Turkish Journal of Botany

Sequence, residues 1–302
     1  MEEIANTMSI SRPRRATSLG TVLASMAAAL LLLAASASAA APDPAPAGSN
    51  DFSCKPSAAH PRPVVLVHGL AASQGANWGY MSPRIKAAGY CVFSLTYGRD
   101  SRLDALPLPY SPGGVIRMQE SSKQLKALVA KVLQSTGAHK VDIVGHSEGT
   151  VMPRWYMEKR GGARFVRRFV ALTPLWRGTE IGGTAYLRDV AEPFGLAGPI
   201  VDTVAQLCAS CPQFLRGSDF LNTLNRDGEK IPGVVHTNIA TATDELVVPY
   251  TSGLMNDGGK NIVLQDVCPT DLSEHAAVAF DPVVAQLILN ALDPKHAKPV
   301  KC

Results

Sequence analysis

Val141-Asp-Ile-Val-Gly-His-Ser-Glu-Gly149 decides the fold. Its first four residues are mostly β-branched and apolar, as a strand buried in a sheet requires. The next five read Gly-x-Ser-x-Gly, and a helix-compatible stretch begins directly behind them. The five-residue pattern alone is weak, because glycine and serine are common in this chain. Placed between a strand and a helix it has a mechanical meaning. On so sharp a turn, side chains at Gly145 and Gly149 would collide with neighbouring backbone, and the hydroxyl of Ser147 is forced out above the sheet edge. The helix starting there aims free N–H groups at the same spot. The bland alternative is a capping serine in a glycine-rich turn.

In the summers of 2012 and 2013, vegetation of Thandiani in the Western Himalayas of Pakistan was surveyed and quantified. We took evidence from relationships between 252 species and 11 measured environmental factors as well as changes in the associations' structure among 50 analysed stations with 1500 m2 plots. We analysed how the plant associations differ and develop under the influence of their respective ecological gradients. Preliminary results showed that the family Pinaceae was the most abundant family with a family importance value (FIV) of 1892.4, followed by Rosaceae with FIV = 1478.2. Rosaceae, represented by 20 species, was the most dominant family, followed by Asteraceae and Ranunculaceae with 14 and 12 species each, respectively. Analyses via CANOCO software version 4.5 and GEO database demonstrated strong correlations among species distributions and environmental variables, i.e. elevation, topography, and edaphic factors. Our findings show an increase in species diversity and richness from lower elevation (1290 m at sea level (m asl) to higher elevation (2626 m asl). It is evident that aspect, elevation, and soil factors were the decisive variables affecting qualitative and quantitative attributes of vegetation in the study area. The P value ≤ 0.002 confirms a significant impact of abiotic factors that bring variation in vegetation. A 3D view of the study area was generated in ArcScene showing all the five plant associations. Graphs of scatter plot, point profile, and 3D line profile were added to the layout of plant association maps. The habitats of the five association types overlapped broadly but still retained their specific individuality. The execution of GIS framework gave spatial modelling, which ultimately helped in the recognition of indicator species of specific habitat or association type. These findings could further be utilised in devising the forest policy and conservation management. This study also opens new doors of research in the field of biogeography, systematics, and wildlife.

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